We all love a pat on the back for a job well done. But being a good mother or good home maker is often not appropriately valued by our society. People tend to notice when it’s not being done well but do not notice and offer praise or affirmation for a job well done.
For this reason, mothers and housewives can feel invisible. The contrast between the work environment and home environment could not be more stark. Status is a significant unmet need.
There is very little room for privacy, or time to relax and unwind with two new babies.
Sleep is also interrupted and in short supply which can have a dramatic effect on well being and the ability to cope.
We all love to have a sense of achievement and women who are high achievers are often perfectionists.
But anyone who has had the job of looking after small babies will understand the incompatibility of perfectionism and childcare.
Anything less than perfect may feel unacceptable. But ‘less than perfect’ is the realistic option. Donald Winnicott’s (3) notion of the ‘good-enough’ mother is more achievable for most.
Autonomy and control fly out of the window where childcare is concerned. It is impossible to totally control babies who can seem unpredictable at best, chaotic at worst
The isolation of a new mother, both social and psychological can have a huge impact. Sadly, an early reaction to depression is the tendency to retreat. Less social support simply compounds the problem.
How to get over depression
Having identified which of your essential human needs are not being met, you might now have more clarity about why you are feeling so low.
Take action. Ask for help. Do whatever you need to bring a better balance into your life.
Many people say they will do x or y when they feel better. But it’s the doing that makes you feel better
Take proactive steps to readjust your life and get back on track:
• Practise relaxed breathing for ten minutes twice a day to calm anxiety and promote better quality sleep. A relaxed mum often equals a relaxed baby.
• Get enough full spectrum light to raise your mood by getting outdoors every day for at least twenty minutes. This will also be very good for your baby. Daylight helps to regulate the body clock for you both.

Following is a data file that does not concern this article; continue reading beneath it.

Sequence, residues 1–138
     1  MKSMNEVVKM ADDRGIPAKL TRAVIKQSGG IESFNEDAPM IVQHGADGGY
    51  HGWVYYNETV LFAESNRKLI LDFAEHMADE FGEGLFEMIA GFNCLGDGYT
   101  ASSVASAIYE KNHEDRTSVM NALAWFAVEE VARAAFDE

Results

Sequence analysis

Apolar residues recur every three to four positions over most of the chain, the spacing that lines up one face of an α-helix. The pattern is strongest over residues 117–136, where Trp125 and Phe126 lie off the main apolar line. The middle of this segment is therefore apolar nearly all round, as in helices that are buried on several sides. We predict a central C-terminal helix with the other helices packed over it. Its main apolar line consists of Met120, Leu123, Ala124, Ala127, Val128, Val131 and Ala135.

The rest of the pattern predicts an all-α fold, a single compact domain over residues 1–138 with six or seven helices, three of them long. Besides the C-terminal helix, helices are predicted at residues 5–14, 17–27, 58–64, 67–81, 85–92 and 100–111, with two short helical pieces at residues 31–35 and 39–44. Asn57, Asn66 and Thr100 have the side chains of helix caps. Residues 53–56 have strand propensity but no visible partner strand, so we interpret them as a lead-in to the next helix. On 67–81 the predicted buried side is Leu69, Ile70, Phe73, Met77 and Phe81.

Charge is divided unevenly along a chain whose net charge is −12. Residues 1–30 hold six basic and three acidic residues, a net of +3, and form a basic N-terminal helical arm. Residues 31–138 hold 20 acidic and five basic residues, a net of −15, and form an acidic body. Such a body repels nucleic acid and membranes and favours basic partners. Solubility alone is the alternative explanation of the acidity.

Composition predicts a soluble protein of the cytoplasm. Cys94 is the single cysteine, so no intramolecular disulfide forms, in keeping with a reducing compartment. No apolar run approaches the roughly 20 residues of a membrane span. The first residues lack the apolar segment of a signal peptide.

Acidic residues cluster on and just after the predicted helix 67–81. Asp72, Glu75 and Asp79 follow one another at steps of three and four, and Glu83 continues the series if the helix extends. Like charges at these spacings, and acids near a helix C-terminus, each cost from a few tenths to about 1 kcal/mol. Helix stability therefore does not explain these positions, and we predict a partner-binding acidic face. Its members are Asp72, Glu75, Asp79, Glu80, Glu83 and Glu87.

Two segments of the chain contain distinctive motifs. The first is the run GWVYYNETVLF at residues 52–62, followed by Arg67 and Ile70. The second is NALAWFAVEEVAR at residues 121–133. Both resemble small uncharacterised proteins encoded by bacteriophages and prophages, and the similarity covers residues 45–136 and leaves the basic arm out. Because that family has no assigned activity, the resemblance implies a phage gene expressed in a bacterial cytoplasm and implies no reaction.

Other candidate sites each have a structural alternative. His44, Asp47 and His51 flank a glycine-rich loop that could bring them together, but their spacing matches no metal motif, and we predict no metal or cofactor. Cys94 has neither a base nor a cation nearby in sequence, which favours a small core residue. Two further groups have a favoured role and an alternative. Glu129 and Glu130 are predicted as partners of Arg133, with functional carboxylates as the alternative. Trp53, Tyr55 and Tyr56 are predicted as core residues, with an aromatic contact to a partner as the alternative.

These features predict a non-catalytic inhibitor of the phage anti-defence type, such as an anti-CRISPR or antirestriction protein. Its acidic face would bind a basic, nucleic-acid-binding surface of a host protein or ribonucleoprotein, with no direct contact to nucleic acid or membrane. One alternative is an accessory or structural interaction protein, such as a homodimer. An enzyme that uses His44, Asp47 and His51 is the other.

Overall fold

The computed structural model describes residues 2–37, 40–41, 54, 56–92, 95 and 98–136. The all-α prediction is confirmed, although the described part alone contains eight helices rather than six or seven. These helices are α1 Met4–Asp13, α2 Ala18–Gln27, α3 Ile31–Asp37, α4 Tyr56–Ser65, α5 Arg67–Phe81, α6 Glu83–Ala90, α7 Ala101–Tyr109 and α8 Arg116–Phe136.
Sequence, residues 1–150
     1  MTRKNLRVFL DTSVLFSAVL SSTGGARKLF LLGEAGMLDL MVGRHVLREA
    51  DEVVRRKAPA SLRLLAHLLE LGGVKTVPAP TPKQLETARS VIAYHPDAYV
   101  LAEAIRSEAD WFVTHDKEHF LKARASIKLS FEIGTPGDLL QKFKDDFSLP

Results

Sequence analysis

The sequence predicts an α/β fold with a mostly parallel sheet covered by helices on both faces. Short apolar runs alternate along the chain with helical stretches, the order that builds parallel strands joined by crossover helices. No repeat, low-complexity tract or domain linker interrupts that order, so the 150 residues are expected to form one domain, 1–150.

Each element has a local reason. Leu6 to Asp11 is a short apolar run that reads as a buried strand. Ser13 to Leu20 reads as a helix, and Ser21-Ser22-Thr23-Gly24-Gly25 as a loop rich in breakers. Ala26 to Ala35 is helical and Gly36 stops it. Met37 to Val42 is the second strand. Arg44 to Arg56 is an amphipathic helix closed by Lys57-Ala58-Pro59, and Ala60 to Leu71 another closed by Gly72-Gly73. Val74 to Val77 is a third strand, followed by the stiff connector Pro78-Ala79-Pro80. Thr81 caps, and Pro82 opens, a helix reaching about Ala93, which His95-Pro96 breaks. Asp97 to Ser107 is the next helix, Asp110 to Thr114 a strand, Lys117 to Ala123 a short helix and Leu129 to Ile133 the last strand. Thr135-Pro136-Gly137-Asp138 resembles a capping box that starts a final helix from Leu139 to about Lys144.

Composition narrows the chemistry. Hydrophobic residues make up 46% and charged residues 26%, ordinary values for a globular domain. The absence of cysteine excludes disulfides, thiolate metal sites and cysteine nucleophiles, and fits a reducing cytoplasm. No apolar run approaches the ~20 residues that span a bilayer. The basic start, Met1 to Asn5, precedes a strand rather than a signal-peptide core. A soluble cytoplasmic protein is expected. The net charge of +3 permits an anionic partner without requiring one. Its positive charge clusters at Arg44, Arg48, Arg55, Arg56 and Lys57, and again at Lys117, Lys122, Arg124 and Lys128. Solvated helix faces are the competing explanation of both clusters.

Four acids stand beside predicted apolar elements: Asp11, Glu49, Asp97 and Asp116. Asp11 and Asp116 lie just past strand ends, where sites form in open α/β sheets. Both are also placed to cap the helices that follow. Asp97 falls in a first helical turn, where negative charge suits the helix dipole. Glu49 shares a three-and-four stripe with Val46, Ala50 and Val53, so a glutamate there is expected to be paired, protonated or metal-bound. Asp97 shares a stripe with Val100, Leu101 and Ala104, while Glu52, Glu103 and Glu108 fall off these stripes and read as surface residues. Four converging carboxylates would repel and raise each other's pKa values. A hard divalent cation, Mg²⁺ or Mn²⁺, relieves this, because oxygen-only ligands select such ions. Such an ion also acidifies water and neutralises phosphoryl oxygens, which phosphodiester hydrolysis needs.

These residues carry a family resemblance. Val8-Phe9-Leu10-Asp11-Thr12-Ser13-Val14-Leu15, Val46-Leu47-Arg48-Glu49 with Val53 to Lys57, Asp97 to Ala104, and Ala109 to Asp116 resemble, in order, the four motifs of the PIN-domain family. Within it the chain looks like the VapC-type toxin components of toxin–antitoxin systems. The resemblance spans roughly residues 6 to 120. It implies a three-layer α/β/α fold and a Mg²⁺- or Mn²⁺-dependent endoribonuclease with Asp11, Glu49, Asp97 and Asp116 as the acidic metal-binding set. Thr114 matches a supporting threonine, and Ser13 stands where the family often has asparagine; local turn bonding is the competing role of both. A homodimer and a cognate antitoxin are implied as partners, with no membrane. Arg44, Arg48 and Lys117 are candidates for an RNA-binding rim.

• Take practical steps to adjust to your new circumstances and seek as much support as you can from friends, family and professionals.
Finally, cut yourself some slack and set aside the idea that you have to be perfect.
Babies also have their needs.
Having a high-achieving, super-slim mother and designer home are certainly not amongst them!
The Fusion Model approach to resolving post natal depression involves:
• Staying solution focused
• Accessing the neuroplastic brain for change management
• Active breath work to calm anxiety and promote better quality sleep
• Full spectrum light work to elevate mood. getting outdoors every day for at least twenty minutes
• Restoring hope by positive and structured sessions with weekly achievable tasks
• Putting a fence around worries by learning to ‘worry well’. Having fifteen minutes a day set aside ‘just for worrying and problem solving.’
• Take practical steps to readjust to new circumstances. Seek support from friends, family and professionals
• Use of the holistic life wheel to notice areas of challenge and acknowledge all the positives through scaling
• Super future pacing and preferred future
• Harnessing the reticular activating brain mechanism for future focus
• SMART goals and tasks
• Motivational support
• Using the STOP System for pattern breaking
• Use of The Rewind technique for resolution if traumatic birth is part of the picture
• Using appropriate poetry, story and metaphor to reframe and shift focus
• Staying within a prescriptive five session format where possible to focus
• Refer to the Matrix of Interventions for other appropriate interventions such as the CBT hot cross bun technique
• Sleep management
• Client psycho education for personal empowerment